In another development last night, Killian's former secretary told the Dallas Morning News that she believes the documents are fake but that they reflect authentic memos that once existed.

"These are not real," Marian Carr Knox told the paper after examining copies of the disputed memos. "They're not what I typed, and I would have typed them for him."

Knox, 86, who acknowledged she was not a supporter of the president -- calling him "unfit for office" and "selected, not elected" -- said the typeface on the documents did not match either of the two typewriters that she used during her time at the guard, a mechanical Olympia and later an IBM Selectric. But she said the contents reflected the views of her boss, who, she said, kept a personal "cover his back" file in a locked desk drawer.

Knox's recollections suggest that CBS may have been duped about the documents even if the substance of its story was accurate.

The new accounts add to mounting questions about whether the 1972 and 1973 memos obtained by CBS were bogus. This is the first time that people involved in the process have said that they raised warning flags about the memos, whose authenticity has been doubted by the president's wife, Laura, and some outside document experts.

CBS News President Andrew Heyward and anchor Dan Rather have defended the story, saying the program relied not only on document analysis but also on interviews with people who worked with Killian at the time.

Will said she examined two disputed Killian memos, one of which was not used on the broadcast. She said she saw discrepancies in Killian's signature from an undisputed military document bearing his handwriting. Will said she also questioned whether an early 1970s typewriter could have produced the superscript, such as a raised "th," on the memos, and noted differences in the letterhead, the salutation and the way the date was rendered.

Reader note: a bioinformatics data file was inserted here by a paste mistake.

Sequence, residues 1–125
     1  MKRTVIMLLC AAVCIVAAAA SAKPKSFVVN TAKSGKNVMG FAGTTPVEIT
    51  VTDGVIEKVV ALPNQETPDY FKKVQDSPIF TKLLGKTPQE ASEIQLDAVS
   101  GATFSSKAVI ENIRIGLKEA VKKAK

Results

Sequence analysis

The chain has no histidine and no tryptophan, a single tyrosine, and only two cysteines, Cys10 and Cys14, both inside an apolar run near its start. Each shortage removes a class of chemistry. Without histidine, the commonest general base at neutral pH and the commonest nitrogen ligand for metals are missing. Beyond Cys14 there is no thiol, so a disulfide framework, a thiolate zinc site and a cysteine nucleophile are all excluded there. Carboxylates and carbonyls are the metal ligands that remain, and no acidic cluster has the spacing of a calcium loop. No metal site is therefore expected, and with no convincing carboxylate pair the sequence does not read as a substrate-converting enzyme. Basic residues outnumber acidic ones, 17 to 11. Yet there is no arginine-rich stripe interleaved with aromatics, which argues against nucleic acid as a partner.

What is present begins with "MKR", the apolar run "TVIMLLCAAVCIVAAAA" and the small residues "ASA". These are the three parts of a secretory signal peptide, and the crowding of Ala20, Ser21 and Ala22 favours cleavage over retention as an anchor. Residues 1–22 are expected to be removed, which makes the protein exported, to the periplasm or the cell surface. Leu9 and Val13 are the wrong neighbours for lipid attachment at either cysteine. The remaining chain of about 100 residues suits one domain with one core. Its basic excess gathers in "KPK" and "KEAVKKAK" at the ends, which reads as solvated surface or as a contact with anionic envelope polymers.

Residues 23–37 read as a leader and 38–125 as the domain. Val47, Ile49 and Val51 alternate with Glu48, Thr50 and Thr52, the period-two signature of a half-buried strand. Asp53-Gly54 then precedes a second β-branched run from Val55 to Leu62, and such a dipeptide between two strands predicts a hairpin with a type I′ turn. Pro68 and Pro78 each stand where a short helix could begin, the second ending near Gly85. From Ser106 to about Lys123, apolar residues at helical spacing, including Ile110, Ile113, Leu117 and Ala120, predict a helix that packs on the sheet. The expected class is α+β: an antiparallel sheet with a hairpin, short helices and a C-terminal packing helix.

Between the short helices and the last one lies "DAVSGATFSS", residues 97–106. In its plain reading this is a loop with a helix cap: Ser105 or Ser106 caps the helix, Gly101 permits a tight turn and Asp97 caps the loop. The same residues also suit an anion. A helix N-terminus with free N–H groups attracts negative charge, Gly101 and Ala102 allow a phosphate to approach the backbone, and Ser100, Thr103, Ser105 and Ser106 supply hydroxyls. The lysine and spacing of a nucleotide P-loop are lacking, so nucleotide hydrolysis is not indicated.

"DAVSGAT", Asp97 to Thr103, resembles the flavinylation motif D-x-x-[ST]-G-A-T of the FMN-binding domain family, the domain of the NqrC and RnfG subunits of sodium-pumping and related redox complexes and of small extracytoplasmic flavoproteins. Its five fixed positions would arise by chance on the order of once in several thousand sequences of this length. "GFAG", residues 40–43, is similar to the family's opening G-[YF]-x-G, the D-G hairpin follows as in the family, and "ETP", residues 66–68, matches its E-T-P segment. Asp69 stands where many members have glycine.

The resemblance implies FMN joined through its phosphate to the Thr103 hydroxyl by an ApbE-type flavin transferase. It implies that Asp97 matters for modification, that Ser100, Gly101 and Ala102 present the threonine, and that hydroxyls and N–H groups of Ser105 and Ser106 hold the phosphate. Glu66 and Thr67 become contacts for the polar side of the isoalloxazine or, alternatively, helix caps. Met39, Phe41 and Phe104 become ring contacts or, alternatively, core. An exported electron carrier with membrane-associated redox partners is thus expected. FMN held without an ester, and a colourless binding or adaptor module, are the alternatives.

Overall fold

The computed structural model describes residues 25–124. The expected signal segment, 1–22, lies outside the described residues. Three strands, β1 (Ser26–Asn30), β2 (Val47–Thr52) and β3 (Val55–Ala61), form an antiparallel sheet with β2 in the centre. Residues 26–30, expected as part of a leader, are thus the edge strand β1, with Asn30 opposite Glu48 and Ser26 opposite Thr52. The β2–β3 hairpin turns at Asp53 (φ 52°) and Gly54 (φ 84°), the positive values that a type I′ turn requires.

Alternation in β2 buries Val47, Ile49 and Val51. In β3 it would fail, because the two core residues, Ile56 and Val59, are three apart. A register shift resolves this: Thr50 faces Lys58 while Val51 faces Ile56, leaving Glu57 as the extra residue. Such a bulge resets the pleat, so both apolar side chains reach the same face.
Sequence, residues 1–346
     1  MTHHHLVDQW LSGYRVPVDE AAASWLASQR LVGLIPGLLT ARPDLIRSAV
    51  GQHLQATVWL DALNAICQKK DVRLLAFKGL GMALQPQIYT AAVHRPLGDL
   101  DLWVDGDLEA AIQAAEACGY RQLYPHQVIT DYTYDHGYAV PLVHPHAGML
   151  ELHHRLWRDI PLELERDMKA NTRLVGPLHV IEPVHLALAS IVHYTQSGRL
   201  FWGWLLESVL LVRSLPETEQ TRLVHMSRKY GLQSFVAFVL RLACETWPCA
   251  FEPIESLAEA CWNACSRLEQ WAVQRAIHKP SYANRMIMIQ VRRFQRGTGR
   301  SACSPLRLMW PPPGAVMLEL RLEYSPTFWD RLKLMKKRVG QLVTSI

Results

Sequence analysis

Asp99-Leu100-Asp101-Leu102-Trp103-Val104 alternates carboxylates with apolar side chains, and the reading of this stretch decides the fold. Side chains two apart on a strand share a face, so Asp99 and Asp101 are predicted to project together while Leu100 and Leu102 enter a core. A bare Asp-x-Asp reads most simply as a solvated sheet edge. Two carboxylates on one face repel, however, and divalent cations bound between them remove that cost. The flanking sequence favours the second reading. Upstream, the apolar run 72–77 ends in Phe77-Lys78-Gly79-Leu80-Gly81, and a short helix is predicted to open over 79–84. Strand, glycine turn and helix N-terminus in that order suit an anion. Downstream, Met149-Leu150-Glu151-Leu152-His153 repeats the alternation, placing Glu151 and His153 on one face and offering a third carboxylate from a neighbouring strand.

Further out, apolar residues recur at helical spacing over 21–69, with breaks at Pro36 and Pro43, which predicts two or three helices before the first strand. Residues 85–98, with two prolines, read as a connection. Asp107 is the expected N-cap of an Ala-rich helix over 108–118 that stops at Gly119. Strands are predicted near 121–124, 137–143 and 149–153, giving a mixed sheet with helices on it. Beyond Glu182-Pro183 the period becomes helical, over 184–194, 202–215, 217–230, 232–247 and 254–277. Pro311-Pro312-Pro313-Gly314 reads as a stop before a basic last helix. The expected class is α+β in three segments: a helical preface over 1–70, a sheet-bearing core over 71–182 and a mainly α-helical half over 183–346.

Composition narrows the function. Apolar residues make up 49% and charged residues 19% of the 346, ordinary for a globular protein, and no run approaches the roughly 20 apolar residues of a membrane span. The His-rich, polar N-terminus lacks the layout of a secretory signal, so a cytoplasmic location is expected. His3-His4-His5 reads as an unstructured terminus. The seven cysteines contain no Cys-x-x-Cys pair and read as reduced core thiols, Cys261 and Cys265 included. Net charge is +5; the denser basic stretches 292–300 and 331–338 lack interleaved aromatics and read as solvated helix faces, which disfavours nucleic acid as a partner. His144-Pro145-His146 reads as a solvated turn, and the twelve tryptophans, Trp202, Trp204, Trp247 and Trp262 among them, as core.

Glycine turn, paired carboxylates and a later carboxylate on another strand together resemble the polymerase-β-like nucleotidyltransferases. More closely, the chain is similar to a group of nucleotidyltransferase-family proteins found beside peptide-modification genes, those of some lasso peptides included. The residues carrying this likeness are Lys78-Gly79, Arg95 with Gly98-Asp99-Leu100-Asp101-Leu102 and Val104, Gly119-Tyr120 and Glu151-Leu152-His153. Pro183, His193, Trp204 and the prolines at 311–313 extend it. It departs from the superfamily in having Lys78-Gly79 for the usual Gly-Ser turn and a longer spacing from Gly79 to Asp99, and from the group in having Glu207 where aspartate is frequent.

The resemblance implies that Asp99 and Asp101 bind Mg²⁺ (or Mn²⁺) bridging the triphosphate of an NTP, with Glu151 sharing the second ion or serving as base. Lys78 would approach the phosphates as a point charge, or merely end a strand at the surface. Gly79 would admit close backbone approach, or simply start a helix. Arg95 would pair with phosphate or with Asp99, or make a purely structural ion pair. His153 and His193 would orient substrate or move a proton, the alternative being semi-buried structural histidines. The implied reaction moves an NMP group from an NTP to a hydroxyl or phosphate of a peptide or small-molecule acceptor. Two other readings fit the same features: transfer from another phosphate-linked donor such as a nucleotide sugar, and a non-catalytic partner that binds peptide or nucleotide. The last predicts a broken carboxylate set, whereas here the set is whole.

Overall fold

All these discrepancies "looked like trouble to me," Will said, adding that she told CBS this "in a resounding way."

James said she examined two disputed Killian memos and found "they were structurally different" from a Killian document released by the Pentagon. James said she questioned differences in the signing of the "J" of Killian's first name, to the point of wondering whether the lieutenant colonel had health issues that would have affected his writing. She said she also told CBS that she questioned whether the superscript could have been produced on a Vietnam War-era typewriter.

Given these concerns, James said, she was surprised that "60 Minutes" went ahead with the story. Both women disputed the contention by CBS that they had deferred to the judgment of other document experts, though both said they could not be 100 percent certain about their findings and had recommended other analysts.

Asked about Will's written concerns, CBS's West said: "The only e-mail we received raised some preliminary points about the handwriting, which [CBS's] other experts addressed and ruled out."

CBS began to doubt Will because she started expanding her role and doing Google searches about Bush's whereabouts at the time, said an executive who insisted on anonymity because the network did not want to go beyond the official statements. But Will said she was merely doing research into whether superscript existed in 1972.